North’s hospitality sector struggling, says industry group

Belfast’s food and beverage sales down 5 per cent as ‘tough’ trading environment persists

Belfast may have landed two Michelin stars this year, and enticed one of the UK's celebrity chefs to come to the city, but latest research suggests 2015 could leave a bad taste behind for some in the hospitality sector.

According to industry group, Hospitality Ulster, food and beverage sales across Belfast have been roughly 5 per cent down throughout the year compared with previous year's takings and there has been a persistently "tough" trading environment.

Not every establishment has suffered a dip and, like every other city, Belfast boasts restaurants and pubs that are thriving.

Try to book a table any weekend at either of the city's Michelin-starred restaurants, Ox on Belfast's Oxford Street or Eipic on Howard Street; or try the Marco Pierre White restaurant in the Park Avenue Hotel and you will see they are not short of fans.

But Colin Neill, chief executive of Hospitality Ulster, says the food and beverage sector in particular is struggling on a number of fronts, chiefly with issues that are very much beyond the sector's control.

Tourism

“In the greater Belfast area, especially the city centre, business is driven by tourism and let’s not forget that 50 per cent of our visitors are domestic tourists although visitors from Great Britain and visitors from the south of Ireland are also very, very important.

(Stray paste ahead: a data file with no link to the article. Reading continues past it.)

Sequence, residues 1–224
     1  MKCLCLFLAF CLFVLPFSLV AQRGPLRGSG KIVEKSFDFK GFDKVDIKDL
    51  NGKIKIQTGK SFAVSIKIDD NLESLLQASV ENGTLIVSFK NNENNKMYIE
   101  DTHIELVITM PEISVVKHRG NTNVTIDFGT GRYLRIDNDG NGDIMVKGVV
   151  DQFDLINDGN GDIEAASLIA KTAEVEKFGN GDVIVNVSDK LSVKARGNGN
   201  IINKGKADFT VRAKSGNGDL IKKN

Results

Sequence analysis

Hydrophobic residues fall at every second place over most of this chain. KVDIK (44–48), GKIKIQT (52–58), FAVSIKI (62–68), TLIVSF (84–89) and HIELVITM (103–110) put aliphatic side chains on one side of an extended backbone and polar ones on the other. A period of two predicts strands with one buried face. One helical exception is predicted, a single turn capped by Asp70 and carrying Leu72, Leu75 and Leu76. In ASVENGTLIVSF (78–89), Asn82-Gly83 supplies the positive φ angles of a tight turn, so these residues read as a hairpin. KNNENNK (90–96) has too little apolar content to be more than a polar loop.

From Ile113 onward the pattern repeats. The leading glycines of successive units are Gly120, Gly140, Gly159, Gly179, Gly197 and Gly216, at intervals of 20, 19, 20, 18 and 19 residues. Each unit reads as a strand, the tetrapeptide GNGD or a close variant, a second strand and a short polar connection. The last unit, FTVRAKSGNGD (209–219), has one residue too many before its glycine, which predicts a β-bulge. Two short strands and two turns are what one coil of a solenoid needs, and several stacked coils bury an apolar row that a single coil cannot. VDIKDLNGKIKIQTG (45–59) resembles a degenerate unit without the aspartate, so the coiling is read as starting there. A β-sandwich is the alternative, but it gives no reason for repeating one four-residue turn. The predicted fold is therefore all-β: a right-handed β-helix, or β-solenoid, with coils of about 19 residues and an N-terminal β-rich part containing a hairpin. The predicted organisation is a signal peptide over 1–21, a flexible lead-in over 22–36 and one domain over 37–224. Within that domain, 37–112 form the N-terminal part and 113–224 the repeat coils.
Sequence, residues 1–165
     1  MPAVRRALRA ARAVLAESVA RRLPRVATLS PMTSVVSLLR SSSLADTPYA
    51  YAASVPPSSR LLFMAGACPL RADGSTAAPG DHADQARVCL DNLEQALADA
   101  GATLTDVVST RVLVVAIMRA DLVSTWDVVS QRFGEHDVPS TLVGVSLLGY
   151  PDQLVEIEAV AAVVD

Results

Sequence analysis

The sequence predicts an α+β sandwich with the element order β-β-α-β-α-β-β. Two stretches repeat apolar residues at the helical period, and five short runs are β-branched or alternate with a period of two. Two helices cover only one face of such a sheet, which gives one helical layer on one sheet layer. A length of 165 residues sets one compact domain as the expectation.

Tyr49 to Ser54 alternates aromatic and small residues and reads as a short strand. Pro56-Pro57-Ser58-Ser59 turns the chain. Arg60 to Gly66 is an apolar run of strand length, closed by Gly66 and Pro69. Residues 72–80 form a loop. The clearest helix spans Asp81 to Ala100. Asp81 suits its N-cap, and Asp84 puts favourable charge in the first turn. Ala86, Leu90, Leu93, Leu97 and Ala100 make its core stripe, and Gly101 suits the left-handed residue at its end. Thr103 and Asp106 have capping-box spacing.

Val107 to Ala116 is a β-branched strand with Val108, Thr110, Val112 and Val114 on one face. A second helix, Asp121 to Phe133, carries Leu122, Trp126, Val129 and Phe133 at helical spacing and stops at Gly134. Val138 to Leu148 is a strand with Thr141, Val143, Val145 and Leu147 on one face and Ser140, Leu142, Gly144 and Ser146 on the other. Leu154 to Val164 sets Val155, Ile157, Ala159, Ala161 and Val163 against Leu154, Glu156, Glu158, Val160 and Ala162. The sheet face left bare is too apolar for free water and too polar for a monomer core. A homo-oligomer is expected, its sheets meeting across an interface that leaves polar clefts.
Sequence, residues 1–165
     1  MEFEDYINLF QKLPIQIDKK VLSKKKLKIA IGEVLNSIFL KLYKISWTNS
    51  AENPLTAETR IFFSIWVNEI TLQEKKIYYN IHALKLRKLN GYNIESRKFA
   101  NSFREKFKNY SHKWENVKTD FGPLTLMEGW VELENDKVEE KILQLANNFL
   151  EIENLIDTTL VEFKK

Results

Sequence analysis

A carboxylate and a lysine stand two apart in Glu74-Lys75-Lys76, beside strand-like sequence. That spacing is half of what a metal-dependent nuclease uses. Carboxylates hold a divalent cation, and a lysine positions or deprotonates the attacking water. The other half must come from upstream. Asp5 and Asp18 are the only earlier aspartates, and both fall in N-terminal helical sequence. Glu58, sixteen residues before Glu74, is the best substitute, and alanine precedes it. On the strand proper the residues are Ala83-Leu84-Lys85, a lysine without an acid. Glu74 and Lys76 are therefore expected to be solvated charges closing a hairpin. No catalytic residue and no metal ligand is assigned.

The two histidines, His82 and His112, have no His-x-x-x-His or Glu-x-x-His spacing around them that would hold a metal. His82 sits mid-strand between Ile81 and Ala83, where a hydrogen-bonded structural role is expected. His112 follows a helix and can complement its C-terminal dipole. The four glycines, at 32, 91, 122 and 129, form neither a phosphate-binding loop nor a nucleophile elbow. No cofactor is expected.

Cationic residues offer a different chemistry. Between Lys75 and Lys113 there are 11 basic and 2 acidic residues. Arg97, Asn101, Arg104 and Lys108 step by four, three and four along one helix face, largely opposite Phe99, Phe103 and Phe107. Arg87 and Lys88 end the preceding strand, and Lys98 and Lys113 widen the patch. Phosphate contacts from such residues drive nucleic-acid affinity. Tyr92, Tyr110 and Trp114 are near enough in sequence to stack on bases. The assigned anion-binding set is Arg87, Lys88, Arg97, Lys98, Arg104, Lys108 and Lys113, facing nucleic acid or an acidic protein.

“If we look at discretionary spending power – which is important – the average UK household has an estimated £192 a week in discretionary income; in Northern Ireland we have £97 after all the bills are paid.”

The industry body believes the UK’s VAT rate of 20 per cent, which is almost twice the European average, is not helping especially when the Republic operates a tourism VAT rate of 9 per cent.

“In the short term, it is going to remain tough,” Neill warns. “It has been a challenging year for many of the businesses we represent, from suppliers to retailers and pubs, restaurants and hotels.

He says that many in the hospitality sector make a “third of their turnover in the Christmas period. What we find in this industry is that many people either go on holidays in January or they go bust – it’s that black and white”.

Encouraging

Hospitality Ulster says it is an encouraging sign that the sector has attracted a significant number of new investors in the past 12 months. According to commercial property firm, CBRE, the North has seen a “huge rise” in activity in the hotel sector. It says hotel transactions alone have totalled more than £67.36 million this year.

Although CBRE says some of the activity has been driven by the sale of distressed assets, there is also evidence of growing buyers’ confidence in the local market.

American buyers accounted for 44 per cent of all transactions by value – including the five-star luxury Lough Erne Resort and Jury’s Inn, which was part of a portfolio sale. Investors from the Republic represented 47 per cent and the remaining 9 per cent of sales were by investors based in Northern Ireland.

The firm says that recent new hotel developments underway in Belfast by the Hastings Group and the Beannchor group reflect the confidence of local investors in the Northern Ireland market.

According to Brian Lavery, managing director at CBRE Belfast, the city is well-serviced with budget hotels and the majority of the new hotels in the pipeline will be four-star. He believes these new hotels will be an important factor in Belfast's ambitions to become a major conference destination.

Belfast’s Waterfront is undergoing a £29.5 million extension which will create a new conference venue in the city. It is scheduled to open in spring 2016.